The Spiro Agnew affair has caused shock waves among his friends who never guessed he could be guilty, and also among his enemies who think he was let off too easy.
Actually, however, Agnew is not the first high Government official, nor even the first Vice President, to cheat on his income tax. Another one was President Truman’s Vice President, Alben Barkley. One of the most prominent and powerful Democrats of all time, Alben Barkley failed to file any income tax returns for years, including all the time he was Vice President and some of the years he was Majority Leader of the Senate, steering through Congress the large tax increases which the rest of us had to pay.
Barkley was never subjected to the disgrace of prosecution, indictment, or forced resignation. The Government waited until after he died, and then quietly collected the back taxes against his estate.
Some commentators have tried to make capital out of Spiro Agnew’s cheating on his income taxes at the same time he was making speeches about law and order. So what’s new about that type of hypocrisy? Under the Kennedy Administration, the chairman of a special presidential commission— created to draw up a code of ethics for Government employees failed to file any income tax returns at all for five years, although his income was more than $60,000 each year. He could hardly claim ignorance of the law because he had been Dean of the Harvard Law School.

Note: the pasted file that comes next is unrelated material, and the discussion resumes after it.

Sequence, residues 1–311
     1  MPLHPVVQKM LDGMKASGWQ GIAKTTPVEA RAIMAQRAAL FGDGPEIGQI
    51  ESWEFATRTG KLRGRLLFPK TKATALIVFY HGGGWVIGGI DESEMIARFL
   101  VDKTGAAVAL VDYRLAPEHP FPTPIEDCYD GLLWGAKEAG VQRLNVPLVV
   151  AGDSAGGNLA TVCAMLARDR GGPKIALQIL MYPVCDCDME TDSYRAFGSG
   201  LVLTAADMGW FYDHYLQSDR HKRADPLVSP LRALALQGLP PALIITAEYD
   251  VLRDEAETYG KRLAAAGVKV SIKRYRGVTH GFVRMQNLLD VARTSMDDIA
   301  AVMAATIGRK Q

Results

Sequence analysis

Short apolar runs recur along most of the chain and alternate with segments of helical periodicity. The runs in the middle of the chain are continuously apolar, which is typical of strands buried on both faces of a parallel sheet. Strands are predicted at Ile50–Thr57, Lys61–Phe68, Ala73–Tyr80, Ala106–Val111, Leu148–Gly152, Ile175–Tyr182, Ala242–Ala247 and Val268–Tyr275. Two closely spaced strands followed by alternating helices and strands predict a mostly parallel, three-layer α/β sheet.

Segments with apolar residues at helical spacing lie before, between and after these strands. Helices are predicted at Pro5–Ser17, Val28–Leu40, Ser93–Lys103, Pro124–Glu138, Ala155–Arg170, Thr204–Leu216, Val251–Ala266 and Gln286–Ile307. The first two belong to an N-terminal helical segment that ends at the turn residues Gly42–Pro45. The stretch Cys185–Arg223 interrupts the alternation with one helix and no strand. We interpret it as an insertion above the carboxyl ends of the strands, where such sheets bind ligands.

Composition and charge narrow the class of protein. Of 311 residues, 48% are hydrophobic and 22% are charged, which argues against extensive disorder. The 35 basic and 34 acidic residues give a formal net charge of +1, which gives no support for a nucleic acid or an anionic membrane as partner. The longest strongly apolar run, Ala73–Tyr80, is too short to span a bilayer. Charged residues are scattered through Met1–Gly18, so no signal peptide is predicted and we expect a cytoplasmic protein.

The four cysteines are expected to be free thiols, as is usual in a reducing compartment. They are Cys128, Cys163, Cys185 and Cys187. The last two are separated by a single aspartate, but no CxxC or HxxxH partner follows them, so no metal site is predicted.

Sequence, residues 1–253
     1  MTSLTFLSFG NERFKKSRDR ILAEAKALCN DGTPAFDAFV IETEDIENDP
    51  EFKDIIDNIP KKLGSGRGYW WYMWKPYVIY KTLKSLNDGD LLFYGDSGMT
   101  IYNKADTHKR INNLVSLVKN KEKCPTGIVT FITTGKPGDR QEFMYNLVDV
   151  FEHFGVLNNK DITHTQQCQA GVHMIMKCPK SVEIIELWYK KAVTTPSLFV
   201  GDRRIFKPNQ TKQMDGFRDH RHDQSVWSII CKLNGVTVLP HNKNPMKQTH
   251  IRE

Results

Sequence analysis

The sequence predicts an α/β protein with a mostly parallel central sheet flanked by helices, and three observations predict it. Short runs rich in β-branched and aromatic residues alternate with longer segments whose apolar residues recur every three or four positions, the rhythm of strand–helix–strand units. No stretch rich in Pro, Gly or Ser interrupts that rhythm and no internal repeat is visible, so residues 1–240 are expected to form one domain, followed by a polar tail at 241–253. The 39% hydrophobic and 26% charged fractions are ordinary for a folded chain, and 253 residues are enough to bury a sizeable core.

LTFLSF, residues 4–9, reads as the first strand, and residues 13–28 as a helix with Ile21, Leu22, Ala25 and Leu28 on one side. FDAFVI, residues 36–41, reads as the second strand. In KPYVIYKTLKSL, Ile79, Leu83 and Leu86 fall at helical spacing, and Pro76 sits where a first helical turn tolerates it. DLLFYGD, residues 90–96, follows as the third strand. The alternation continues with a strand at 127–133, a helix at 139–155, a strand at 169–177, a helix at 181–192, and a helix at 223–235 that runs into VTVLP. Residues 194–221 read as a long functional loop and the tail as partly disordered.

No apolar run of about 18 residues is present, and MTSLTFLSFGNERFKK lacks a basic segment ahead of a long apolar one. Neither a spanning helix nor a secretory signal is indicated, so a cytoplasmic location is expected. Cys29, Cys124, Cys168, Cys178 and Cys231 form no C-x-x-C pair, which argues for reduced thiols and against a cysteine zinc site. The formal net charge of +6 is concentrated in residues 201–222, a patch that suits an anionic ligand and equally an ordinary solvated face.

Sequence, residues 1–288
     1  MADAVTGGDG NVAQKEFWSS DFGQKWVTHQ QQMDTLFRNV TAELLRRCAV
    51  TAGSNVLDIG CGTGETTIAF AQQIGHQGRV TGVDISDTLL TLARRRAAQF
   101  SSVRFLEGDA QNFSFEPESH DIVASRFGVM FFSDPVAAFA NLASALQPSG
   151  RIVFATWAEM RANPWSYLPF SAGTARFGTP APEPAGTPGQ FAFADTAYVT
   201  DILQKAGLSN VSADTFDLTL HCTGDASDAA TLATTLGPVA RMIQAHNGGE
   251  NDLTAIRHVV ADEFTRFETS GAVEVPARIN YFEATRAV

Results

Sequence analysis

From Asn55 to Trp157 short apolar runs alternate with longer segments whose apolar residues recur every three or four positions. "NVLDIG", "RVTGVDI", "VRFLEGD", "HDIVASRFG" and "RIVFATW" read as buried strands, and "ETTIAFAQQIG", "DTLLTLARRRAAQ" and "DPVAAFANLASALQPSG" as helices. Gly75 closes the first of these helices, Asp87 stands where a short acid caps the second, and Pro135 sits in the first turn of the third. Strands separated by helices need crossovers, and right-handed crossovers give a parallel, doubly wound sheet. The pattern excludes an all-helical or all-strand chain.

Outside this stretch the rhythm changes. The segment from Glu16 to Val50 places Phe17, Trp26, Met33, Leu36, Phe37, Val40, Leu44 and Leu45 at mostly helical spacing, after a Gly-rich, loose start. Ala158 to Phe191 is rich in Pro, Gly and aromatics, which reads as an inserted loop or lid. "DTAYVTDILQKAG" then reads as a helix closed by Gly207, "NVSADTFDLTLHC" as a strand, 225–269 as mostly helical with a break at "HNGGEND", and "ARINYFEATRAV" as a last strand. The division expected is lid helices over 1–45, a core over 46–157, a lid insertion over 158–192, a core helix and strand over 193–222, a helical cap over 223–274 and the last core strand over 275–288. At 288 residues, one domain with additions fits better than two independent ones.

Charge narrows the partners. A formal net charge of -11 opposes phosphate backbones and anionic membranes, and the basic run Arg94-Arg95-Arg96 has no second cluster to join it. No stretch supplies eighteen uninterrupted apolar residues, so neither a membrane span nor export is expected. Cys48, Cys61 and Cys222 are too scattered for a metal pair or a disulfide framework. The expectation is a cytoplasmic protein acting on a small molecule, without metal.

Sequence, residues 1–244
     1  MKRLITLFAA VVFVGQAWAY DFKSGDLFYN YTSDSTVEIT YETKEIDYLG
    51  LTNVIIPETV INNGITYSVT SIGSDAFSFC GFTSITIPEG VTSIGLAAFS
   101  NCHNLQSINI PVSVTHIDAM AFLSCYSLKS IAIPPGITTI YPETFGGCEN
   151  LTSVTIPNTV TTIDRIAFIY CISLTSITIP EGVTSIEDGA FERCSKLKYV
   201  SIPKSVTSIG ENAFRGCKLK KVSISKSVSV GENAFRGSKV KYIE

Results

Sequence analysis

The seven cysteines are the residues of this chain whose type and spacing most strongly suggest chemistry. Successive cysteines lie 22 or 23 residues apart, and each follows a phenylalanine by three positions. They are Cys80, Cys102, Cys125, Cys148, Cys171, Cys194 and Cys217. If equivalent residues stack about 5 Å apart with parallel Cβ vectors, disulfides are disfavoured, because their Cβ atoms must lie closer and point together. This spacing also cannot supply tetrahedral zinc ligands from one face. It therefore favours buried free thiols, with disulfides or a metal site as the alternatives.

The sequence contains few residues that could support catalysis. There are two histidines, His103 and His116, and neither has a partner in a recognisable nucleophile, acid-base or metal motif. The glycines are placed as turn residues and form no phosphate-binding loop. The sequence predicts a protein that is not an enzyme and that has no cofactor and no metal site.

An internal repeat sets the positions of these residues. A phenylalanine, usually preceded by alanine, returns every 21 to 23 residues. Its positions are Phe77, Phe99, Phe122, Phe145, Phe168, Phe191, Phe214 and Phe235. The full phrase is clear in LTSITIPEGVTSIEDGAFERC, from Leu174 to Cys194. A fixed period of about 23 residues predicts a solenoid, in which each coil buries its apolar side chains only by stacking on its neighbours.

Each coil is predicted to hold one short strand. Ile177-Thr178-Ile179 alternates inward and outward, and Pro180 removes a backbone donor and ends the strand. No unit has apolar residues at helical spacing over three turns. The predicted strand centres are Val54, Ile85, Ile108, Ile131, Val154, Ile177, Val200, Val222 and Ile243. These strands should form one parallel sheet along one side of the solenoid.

His name was James Landis, and he was a tax adviser and close personal friend of the Kennedy family. He had held high positions in several Administrations. When finally caught, Dean Landis did not get the sentence ordinary citizens would have received. He was merely sentenced to a 30-day rest in the most luxurious suite in the finest hospital in New York.
Another notorious tax evader was the writer Edmund Wilson. Only two weeks after Lyndon Johnson became President, he awarded Edmund Wilson the Presidential Medal of Freedom. This is the highest Government award any civilian can receive in peacetime. One of Wilson’s books was titled THE COLD WAR AND THE INCOME TAX, in which he boasted that he refused to file any income tax returns for nine years.
President Nixon, with an annual income of more than $200.000, paid an income tax of only $792 in 1970 and only $878 in 1971. Richard Nixon and Lyndon Johnson both used the same gimmick to avoid taxes. They had someone appraise their personal papers at a high value, and then they claimed a huge tax deduction for donating the papers to a library.
The question we all want answered is this: is it fair to ask the average American to pay high taxes when our leaders do not?